This course is an introduction to the politics of heritage. Heritage sites, monuments and museums are frequently sites of controversy, as various groups with different and often conflicting experiences contest interpretations of the past. This seminar adopts a global approach to heritage. We will focus on the major themes, ideas and debates shaping the theoretical and methodological frameworks for studying heritage. We will learn the ways in which colonialism and nationalism impact heritage in the past. We will also critically examine contemporary possibilities, problems and challenges presented by tourism, development, international law and illicit trafficking on heritage. Through a series of case studies we will examine the historical, political, social and cultural contexts in which nations, communities and individuals assert their rights through heritage.
Lions and Maasai, elephants and Bushmen, camels and Tuareg - Africa is seen as the continent of colorful cultures, picturesque people and thatched huts. This course seeks to introduce students to some of the key themes and debates in the anthropology of tourism, exploring the commodification of culture and nature in Africa as objects with marketable value. We will examine the historical, political, social and cultural contexts in which African countries, communities, and individuals articulate and sell notions of the "exotic", "tradition", "authenticity" and "indigeneity". Engaging with ethnographies we will examine the various forms of tourism: safaris, volunteerism, adventure tourism, eco-tourism, roots tourism or pilgrimage, romance and sex tourism. Examining relations between 'hosts' and 'guests' - brokers, tour operators, guides, 'experts', tourists and local populations - we will focus on the possibilities, problems and challenges presented by tourism in North, South, East and West Africa. Paying close attention to the ways in which the 'tourist gaze' produces and reproduces notions of race, class, gender, sexuality and desire, students will be asked to reflect upon and theorize their own tourist experiences. We will also discuss internal tourism, namely the reasons why when Africans become tourists, they rarely visit their own country.
What is the connection between the consumption of colonial postcards in Senegal, cosmetic products in Zimbabwe, African-American bric-a-brac during segregation, second-hand clothing in Zambia, Coca-Cola in Trinidad, and African art in New York? This course examines two central themes for material culture studies: commodities and consumption. Consumption is a process that enables people to reproduce themselves as social beings, as well as the maintenance and reproduction of social relationships, giving commodities 'value'. This course adopts an historical approach, tracing the evolution of the study of commodities and consumption in Africa and the African Diaspora. How does object consumption take on new meanings in different historical, political, social and economic contexts? How does the consumption of objects document ties spanning the seemingly remote into the global community? What is the relationship between consumption, commodities and identity? Adopting approaches from the disciplines of history, archaeology, anthropology and material culture studies, we explore the consumption of commodities as a politicized process addressing issues such as colonialism, globalization, citizenship, race, ethnicity, class, gender, power and inequality.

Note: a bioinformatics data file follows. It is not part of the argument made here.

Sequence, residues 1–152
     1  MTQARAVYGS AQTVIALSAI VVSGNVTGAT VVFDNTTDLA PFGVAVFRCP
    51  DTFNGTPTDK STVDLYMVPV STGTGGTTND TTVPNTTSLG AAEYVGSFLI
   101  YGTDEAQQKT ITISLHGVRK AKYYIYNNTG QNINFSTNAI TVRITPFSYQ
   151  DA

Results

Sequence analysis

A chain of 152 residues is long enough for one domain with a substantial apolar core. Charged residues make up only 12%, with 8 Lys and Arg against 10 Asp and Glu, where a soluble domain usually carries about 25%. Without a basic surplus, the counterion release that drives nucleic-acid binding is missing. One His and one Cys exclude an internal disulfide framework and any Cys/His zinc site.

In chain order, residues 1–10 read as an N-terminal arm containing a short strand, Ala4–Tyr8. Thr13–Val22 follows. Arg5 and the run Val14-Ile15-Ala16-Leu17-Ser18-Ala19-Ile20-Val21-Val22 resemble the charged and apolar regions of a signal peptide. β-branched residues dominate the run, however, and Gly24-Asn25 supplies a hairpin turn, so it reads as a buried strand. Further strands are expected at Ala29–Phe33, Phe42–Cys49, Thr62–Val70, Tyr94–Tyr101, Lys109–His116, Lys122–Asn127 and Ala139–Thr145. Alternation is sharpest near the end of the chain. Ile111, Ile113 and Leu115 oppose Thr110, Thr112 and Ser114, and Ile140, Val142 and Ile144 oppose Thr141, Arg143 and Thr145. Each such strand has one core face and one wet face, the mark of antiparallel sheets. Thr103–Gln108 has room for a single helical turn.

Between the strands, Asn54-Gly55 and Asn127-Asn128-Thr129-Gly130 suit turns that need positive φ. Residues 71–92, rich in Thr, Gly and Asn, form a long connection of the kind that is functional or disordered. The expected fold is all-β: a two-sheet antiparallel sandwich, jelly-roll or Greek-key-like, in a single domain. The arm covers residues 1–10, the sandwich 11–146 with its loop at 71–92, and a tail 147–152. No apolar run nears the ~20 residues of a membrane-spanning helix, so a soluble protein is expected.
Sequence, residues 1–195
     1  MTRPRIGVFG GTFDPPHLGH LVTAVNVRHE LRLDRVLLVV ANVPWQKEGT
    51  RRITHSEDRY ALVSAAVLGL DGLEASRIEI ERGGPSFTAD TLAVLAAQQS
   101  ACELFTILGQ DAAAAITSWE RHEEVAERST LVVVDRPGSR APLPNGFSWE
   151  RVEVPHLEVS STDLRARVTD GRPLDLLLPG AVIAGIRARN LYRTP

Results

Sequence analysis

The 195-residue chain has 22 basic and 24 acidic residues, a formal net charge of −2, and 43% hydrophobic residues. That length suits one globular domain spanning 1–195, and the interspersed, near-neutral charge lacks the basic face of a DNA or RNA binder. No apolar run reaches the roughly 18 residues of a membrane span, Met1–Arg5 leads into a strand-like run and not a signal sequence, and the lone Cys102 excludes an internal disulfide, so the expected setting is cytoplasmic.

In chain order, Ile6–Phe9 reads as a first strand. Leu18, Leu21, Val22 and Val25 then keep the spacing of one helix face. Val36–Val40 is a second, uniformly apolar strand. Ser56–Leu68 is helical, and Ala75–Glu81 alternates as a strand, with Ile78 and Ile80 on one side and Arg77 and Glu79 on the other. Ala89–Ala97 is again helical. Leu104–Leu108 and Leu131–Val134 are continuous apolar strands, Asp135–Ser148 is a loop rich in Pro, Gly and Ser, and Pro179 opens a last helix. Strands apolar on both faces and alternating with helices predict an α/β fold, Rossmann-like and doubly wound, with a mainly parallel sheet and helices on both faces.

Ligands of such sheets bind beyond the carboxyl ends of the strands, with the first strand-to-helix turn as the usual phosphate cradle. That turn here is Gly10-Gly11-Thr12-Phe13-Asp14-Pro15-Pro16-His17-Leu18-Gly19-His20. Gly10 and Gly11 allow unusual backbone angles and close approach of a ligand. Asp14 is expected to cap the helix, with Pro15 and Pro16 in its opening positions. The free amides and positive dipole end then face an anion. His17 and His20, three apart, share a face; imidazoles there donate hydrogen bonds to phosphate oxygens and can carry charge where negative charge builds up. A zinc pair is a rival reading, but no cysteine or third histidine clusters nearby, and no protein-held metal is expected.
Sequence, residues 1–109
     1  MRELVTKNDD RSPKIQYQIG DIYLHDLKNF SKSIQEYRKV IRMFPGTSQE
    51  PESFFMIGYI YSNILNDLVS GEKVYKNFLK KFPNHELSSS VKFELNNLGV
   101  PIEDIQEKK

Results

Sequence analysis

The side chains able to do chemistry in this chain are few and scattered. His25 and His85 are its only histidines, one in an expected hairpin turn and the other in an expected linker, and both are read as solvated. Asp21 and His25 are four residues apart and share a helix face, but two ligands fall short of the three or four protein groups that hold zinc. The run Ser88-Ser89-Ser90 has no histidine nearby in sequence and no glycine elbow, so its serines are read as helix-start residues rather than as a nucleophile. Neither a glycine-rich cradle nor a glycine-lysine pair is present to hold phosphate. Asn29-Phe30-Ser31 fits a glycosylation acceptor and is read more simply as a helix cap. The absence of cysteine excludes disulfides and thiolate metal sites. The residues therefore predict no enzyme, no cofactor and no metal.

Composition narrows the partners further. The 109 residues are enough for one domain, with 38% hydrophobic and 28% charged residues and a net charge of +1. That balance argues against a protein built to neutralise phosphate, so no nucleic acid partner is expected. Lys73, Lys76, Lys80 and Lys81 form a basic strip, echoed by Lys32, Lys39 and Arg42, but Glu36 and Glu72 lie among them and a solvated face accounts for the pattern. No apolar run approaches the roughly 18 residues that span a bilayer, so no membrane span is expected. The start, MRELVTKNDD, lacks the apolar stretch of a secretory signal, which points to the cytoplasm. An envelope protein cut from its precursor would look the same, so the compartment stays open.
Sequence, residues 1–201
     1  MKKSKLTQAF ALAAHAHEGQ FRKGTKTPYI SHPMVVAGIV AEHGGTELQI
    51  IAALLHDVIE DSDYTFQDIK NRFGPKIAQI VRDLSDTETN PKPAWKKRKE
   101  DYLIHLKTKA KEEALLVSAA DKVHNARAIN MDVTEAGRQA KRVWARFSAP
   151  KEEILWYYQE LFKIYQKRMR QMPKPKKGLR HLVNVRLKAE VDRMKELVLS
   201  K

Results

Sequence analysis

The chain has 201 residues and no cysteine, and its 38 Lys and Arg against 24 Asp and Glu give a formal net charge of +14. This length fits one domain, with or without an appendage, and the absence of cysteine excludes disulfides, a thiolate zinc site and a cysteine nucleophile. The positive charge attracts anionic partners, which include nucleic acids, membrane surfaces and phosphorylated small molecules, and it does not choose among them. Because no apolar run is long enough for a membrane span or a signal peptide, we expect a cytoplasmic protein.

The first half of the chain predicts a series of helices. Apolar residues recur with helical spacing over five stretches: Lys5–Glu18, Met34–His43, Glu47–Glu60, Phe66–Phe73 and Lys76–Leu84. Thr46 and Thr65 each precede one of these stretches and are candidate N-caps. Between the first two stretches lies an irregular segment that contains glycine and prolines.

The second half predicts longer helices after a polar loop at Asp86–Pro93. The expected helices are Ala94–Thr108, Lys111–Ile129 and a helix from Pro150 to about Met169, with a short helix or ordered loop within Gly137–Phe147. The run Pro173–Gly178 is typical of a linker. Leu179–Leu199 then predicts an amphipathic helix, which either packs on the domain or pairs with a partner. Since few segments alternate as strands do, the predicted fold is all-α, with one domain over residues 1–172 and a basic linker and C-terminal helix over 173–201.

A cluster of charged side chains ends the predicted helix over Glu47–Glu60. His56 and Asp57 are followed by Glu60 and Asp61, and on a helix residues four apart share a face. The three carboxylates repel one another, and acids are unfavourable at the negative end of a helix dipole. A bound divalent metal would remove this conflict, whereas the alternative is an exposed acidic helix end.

This course explores Islam, the slave trade and slavery in Africa. The slave trade and slavery is an often-unacknowledged tradition in the 'Islamic world'. We will begin by examining Qur'anic and Islamic jurisprudence regarding slavery. Then, against the backdrop of slavery in early Islamic empires, we will proceed to slavery in East, West and Southern Africa, and the African Diaspora. Including readings from archaeology, history and anthropology, the course will explore the ways in which local interpretations of Islam influenced understandings of slavery by situating them within specific historical, political, socio-cultural and geographic locales. Examining the connections between Islam and slavery, and more specifically, labor, rebellion and manumission, we will also explore the role of the enslaved as rulers, soldiers and concubines. In addition, we will enrich our understandings of Islam and contemporary slavery in Africa.
This class is an introduction to African art and material culture. We will examine the pivotal role of African objects in Africa, as well as Europe and the United States, alongside the projects of imperialism, colonialism, apartheid and nationalism in light of collecting practices, museums, heritage tourism, development and human rights. We will also examine the politics and practical aspects of African art and artifacts by engaging with some of the associated controversies and ethical responsibilities. Students will work with a selection of artifacts and establish creative strategies for developing an African art exhibition.
Too often 'Western' historical narratives consider Africans and African Diasporans as 'People Without History'. Such a notion refers to peoples who cultures do not, or possess few formally written histories. This class employs archaeological evidence in order to investigate histories of imperialism, colonialism, genocide, slavery, resistance and black nationalism, dismantling the colonial library by exploring local histories once marginalized, silenced and erased.
Assistant Professor of African Studies
Mail Code SS
Franklin Patterson Hall
893 West Street
Amherst, MA 01002